Our youngest son is 4 years old. He is returning for his second year at the preschool that all our boys have attended.
Even when he didn’t have classes, he got in the routine of being there when his brother had preschool classes.
Every fall, the school is filled with the familiar faces of returning families along with new faces of parents that are just starting at the school with their children.
When school starts, you can count on some separation anxiety.
Our school, Desert Sun Child Development Center, always provides helpful information on how to handle this transition. In my experience, the best advice was to tell your child when you are leaving (Never sneak out!) and GO when you say you are going to.
Remind them that they are safe and believe it when you say it. Even if I had to leave my son crying, I could send another parent into the classroom to check on him five minutes later and he was always fine, and usually playing happily with friends.
As comfortable as we are at the school, however, every new year I prepare myself. There is a good chance that there will be crying.
I only hope that I can make it to the parking lot before my tears start to fall.
The first day of school arrives for my 4 year old. I hold my son’s hand as we cross the parking lot. His backpack moves from side to side across his back as he walks.
We chat about what his new room will look like and which friends will be in his class. I am suddenly overwhelmed as I look down towards my tiny baby that has turned into a little boy right before my eyes.
He answers my questions with words like “probably,” and “all signs point to yes.” (His brother recently got a new Magic Eight Ball.)
Before I can say something really sentimental to him, he drops my hand and races to a friend that he sees. I am left standing with a lump in my throat and tears in my eyes as I watch his checkered Vans racing his friend to the front gate.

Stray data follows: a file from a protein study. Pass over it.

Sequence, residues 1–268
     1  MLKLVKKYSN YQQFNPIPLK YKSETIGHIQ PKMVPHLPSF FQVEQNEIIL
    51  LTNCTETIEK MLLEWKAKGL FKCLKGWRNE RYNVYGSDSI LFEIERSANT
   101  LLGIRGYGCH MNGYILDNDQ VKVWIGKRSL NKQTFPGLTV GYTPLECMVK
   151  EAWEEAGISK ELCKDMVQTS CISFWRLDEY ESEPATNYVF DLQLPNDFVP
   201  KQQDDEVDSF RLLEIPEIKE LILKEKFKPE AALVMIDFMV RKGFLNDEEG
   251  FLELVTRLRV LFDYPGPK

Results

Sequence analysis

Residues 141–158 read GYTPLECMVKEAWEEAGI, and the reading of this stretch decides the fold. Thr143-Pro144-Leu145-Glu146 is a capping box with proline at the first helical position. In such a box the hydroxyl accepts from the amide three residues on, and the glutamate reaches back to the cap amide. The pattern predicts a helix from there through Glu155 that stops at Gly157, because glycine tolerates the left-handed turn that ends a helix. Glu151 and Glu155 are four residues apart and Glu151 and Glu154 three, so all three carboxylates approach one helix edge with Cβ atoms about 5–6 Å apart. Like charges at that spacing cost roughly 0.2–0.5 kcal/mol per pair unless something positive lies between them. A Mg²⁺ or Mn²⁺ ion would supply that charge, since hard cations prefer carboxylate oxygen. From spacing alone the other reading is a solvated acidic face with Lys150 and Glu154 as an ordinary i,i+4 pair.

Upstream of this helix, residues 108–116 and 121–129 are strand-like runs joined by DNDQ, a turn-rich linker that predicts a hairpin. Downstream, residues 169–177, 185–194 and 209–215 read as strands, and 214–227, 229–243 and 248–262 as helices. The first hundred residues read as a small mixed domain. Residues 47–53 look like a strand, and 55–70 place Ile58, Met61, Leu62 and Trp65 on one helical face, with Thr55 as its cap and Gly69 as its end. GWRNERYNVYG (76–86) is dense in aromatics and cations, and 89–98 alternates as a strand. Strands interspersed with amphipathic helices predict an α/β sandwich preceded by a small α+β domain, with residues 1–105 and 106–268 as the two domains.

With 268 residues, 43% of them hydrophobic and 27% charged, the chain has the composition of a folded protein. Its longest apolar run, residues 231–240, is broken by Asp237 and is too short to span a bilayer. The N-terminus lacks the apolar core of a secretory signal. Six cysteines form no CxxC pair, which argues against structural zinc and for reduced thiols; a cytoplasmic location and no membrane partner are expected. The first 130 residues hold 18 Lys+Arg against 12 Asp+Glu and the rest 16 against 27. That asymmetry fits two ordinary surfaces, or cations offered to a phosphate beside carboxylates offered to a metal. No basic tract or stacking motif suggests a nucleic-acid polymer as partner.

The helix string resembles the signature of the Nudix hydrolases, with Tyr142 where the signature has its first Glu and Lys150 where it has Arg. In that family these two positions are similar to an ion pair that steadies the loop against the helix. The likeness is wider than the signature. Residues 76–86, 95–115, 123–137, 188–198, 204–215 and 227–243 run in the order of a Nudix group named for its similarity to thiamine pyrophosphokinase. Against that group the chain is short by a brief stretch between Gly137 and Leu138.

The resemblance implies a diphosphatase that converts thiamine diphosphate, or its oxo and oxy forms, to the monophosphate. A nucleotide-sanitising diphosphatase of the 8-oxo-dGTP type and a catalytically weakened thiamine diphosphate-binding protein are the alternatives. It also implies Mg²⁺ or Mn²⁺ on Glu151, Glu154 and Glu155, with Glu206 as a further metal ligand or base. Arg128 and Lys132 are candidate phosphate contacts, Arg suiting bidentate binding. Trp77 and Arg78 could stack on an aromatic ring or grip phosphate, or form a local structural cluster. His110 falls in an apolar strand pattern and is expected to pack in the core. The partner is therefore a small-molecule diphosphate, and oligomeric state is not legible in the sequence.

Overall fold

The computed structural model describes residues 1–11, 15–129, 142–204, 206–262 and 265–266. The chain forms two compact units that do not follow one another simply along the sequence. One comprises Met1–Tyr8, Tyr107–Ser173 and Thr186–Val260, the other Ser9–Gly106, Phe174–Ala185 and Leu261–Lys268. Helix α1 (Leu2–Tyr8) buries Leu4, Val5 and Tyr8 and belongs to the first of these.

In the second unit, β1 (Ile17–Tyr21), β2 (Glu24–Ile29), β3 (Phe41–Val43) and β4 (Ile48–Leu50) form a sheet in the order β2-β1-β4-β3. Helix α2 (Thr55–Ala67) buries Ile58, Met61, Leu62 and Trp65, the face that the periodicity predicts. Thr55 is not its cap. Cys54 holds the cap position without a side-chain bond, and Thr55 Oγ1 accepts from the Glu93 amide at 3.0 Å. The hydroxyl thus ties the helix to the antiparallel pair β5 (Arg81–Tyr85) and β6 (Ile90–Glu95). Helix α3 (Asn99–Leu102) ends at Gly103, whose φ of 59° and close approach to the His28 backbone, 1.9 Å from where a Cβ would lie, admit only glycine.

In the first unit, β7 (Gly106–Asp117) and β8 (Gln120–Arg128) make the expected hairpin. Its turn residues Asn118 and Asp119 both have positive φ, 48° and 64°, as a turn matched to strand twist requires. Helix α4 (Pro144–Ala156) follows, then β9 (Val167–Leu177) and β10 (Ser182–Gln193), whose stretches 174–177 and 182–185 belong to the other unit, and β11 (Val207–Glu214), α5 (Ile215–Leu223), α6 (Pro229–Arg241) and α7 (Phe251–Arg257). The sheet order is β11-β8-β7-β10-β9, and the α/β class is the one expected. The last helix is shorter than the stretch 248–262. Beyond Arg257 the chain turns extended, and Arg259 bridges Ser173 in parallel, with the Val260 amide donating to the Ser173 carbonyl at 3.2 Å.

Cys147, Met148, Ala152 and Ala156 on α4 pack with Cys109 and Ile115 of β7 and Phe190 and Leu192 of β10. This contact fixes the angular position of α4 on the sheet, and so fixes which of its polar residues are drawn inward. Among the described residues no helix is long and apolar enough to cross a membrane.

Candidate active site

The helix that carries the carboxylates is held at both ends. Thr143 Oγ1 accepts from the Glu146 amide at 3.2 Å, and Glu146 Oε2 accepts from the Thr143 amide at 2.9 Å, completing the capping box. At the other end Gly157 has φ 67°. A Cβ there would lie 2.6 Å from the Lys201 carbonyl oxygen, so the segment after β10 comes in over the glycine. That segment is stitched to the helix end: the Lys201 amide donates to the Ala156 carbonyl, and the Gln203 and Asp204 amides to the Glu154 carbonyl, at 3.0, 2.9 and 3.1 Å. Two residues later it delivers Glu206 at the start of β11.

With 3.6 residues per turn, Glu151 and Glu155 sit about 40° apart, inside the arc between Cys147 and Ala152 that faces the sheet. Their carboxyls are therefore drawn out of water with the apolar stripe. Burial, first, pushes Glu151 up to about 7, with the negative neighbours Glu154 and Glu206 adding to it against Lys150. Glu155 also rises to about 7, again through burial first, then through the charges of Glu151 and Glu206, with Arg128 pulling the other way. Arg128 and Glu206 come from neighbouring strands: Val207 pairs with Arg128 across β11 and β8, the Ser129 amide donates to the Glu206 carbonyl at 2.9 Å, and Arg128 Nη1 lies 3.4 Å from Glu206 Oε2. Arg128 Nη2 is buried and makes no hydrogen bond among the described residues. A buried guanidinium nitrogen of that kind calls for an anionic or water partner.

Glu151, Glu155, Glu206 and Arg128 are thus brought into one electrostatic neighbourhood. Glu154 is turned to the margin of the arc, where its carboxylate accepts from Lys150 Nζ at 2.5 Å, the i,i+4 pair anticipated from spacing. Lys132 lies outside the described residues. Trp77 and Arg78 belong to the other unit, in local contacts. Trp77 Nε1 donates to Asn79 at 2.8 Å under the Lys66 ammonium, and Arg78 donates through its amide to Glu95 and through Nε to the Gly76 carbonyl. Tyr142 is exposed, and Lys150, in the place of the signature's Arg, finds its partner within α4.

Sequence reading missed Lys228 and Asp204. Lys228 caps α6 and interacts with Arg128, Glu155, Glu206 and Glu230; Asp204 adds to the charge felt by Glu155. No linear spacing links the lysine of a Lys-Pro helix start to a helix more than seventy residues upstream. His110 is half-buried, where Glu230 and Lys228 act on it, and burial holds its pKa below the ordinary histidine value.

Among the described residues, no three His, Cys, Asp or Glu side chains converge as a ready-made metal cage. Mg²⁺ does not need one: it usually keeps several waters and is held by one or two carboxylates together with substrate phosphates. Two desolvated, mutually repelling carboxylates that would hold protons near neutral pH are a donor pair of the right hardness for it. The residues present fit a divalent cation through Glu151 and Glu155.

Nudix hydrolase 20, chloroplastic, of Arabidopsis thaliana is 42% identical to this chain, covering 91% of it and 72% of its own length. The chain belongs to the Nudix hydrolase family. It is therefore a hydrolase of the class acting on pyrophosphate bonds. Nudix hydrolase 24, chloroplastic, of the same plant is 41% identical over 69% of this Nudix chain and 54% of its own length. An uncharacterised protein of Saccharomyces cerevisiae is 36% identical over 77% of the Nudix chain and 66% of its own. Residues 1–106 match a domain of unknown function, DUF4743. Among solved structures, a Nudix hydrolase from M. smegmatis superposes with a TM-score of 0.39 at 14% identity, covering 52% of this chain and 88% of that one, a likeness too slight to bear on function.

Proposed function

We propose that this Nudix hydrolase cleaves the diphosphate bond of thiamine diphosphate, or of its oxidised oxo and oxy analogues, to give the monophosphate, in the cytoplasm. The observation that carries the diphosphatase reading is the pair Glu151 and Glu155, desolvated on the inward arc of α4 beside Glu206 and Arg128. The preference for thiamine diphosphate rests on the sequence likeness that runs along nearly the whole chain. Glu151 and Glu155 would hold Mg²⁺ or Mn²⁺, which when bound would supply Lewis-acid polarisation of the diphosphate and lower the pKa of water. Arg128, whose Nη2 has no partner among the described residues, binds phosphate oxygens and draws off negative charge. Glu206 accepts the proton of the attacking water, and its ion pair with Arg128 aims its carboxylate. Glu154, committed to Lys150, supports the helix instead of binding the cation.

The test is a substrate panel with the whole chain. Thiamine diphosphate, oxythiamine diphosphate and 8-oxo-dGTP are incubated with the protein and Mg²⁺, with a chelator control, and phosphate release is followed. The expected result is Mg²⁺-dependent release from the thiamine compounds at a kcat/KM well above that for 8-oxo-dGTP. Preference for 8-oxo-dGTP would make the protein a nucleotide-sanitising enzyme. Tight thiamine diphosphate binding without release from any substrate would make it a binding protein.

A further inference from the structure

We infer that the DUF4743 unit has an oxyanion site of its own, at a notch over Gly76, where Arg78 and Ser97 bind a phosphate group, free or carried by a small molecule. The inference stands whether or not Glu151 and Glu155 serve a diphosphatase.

It’s not that I am not looking forward to having all three boys in school. I welcome the few hours alone that I will have to start projects around the house, catch up with friends, focus on work or do anything that I want.
But somehow, as I watch my youngest son start the year that I know will be our last year at this preschool, the ache in my heart overpowers what I thought would be my Braveheart moment (driving away with the windows down, yelling “Freedom!” )
Once at the classroom, we follow all directions, sign in and put away his backpack and water bottle. I follow my son inside where I greet his teacher and he quickly finds something interesting to play with.
I stall for a minute before walking over to say goodbye. He is so busy playing that he barely looks away from the colorful toys as he mutters, “Bye Mom.”
And that’s it. No hug. No crying. No clamping onto my leg as I try to leave.
The walk back to the car seems lonelier than the cheerful walk in. I remind myself how happy I am that he feels comfortable and loves his school.
But my heart breaks as I remember how he almost forgot to say goodbye to me.
I am not ready to not be needed.
Sometimes separation anxiety affects the parent more than the child.
Edited by Jody Smith